Although the topic is still under debate, many people believe animals are able to sense an impending hurricane.
Sharks swimming out to deeper water, birds "waiting out" storms or animals moving to higher ground have all been reported before storms. Do animals have an acute sense that allows them to "predict" impending disasters?
Some animals are believed to be sensitive to the low frequency sound waves emitted by hurricanes. They can also detect the slight drops in air and water pressure that signal a storm's approach.
Researchers reported that they found birds were sensitive to the air pressure changes that accompany storms. As storms approach, the birds often land and wait for the storm to pass, according to pbs.org.
Just before a hurricane approached, researchers witnessed tagged sharks swim out to deeper water.
Not all scientists are convinced that animals flee to avoid storms or earthquakes. Some believe the animals react to the sound of an approaching storm or the shaking of the earth by fleeing to the safety of the forest.
The reason the animals are fleeing the storm, the sound, air pressure or water pressure changes may be in dispute, but it is a fact that some animals can sense an approaching hurricane.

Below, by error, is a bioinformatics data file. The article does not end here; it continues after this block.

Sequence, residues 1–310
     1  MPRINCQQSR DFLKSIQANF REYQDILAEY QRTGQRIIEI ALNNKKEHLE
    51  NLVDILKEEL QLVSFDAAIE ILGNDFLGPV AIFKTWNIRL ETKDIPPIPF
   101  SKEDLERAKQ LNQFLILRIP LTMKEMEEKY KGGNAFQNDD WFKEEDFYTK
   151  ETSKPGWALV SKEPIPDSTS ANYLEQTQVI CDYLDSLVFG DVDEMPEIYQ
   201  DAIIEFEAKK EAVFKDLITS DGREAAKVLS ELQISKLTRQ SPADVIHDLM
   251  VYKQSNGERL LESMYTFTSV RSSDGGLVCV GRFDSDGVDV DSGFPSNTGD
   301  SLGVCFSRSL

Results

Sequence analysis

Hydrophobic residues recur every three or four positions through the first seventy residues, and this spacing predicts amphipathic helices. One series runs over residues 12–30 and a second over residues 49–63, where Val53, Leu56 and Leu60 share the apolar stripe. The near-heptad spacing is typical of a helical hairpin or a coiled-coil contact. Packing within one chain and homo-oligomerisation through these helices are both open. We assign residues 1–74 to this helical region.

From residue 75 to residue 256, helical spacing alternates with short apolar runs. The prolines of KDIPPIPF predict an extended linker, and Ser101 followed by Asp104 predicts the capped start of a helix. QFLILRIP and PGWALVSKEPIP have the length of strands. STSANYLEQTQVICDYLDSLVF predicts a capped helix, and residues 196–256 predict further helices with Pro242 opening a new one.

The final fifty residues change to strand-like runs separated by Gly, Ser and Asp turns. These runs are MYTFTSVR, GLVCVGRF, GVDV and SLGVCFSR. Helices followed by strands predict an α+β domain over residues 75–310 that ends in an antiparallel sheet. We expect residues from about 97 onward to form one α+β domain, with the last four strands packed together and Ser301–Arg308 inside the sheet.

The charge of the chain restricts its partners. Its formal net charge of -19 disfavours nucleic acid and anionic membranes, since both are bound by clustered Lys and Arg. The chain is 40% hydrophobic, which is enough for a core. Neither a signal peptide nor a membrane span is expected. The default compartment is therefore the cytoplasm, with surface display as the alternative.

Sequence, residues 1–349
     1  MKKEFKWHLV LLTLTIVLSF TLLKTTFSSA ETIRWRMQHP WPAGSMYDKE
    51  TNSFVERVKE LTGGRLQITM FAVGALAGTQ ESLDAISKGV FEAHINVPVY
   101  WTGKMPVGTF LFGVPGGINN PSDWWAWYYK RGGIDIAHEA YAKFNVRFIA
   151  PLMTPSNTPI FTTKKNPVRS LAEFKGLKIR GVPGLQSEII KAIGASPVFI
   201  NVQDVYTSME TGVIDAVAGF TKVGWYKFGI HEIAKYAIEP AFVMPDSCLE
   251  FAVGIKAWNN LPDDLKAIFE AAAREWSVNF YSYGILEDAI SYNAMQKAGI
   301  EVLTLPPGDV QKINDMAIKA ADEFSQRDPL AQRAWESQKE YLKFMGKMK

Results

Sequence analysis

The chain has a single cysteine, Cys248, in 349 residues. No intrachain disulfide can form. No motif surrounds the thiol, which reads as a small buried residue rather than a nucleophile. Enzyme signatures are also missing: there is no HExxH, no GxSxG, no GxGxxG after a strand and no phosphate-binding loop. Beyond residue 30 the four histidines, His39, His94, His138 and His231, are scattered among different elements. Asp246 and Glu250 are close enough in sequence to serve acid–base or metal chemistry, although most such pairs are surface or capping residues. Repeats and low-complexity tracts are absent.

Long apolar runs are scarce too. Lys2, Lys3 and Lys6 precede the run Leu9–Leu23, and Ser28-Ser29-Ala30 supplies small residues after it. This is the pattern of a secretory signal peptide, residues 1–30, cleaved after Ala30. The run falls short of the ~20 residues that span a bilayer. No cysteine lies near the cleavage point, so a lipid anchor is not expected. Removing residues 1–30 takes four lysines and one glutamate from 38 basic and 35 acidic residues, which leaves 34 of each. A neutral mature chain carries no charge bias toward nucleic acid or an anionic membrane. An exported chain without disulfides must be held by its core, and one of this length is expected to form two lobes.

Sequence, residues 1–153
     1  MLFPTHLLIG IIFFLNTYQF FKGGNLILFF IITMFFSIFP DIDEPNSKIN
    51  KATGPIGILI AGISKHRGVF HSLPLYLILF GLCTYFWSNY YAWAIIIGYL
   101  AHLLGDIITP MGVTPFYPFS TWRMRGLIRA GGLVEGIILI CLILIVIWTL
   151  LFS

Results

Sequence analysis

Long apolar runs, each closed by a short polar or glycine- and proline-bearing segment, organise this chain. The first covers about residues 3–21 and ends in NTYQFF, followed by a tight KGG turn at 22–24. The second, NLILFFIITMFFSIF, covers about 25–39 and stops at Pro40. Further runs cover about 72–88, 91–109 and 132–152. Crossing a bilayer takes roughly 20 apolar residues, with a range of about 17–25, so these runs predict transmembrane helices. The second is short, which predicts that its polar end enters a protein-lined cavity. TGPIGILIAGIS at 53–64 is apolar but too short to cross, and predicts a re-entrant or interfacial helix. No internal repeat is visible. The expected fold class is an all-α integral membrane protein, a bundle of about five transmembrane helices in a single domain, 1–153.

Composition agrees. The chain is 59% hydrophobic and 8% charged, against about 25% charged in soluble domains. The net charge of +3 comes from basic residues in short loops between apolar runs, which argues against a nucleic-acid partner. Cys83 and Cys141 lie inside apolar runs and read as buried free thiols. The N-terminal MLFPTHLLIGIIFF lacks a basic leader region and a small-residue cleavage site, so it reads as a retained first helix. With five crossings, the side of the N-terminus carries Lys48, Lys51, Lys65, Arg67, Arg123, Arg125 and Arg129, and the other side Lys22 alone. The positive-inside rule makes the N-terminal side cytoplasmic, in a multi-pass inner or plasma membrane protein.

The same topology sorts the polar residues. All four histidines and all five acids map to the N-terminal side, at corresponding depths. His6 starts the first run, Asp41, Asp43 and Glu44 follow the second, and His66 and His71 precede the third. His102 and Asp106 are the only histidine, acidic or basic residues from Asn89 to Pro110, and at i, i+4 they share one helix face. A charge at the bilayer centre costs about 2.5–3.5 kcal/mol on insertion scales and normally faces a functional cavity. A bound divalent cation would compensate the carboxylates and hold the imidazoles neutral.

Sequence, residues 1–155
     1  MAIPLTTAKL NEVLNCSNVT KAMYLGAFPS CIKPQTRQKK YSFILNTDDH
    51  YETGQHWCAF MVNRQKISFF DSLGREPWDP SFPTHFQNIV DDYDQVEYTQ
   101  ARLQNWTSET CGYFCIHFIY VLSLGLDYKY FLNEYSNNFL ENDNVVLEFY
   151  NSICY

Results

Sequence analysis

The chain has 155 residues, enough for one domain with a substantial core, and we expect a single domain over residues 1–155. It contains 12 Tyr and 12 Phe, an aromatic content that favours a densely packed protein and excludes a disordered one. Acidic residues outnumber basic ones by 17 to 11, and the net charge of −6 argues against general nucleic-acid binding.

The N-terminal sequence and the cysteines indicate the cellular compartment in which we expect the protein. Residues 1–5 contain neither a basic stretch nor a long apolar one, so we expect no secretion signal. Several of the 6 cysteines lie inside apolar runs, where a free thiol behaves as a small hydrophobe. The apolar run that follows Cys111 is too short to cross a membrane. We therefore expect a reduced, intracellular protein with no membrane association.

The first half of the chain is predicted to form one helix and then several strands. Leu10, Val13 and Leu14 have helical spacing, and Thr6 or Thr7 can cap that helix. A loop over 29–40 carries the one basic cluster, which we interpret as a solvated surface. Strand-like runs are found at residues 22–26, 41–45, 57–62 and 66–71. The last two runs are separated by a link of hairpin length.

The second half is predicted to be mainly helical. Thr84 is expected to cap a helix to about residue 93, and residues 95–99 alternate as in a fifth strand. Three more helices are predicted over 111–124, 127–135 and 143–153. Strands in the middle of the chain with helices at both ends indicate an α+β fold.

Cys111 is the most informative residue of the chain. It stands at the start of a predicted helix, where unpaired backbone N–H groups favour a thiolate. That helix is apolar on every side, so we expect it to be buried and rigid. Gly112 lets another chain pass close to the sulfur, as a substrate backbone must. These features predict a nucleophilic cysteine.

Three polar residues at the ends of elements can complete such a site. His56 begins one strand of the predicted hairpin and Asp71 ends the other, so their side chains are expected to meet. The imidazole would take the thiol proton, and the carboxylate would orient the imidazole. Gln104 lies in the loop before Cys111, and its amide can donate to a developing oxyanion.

As the Northeast further dries out amid another rain-free weekend, residents may be wondering if this is a sign of things to come for July.
Severe weather is threatening the north-central United States this weekend, including some areas that were hit by violent storms on Wednesday.
Showers threaten to cause delays on a nearly daily basis next week at the 2016 Wimbledon Championships.
At least 23 people have died in West Virginia as a result of extreme flooding that inundated portions of the state on Thursday.
Another round of sizzling heat threatens to aggravate the ongoing wildfire situation across the southwestern United States through early week.
Air conditioning costs U.S. homeowners nearly $11 billion in energy expenses annually, according to the U.S. Department of Energy.
Holden Beach, NC (1994)
76 mph wind gust in a thunderstorm.
Lancaster, PA (2000)
5.67" of rain in 4 hours.
"A general fast on ye account of ye drought." Very dry spring; villages caught on fire.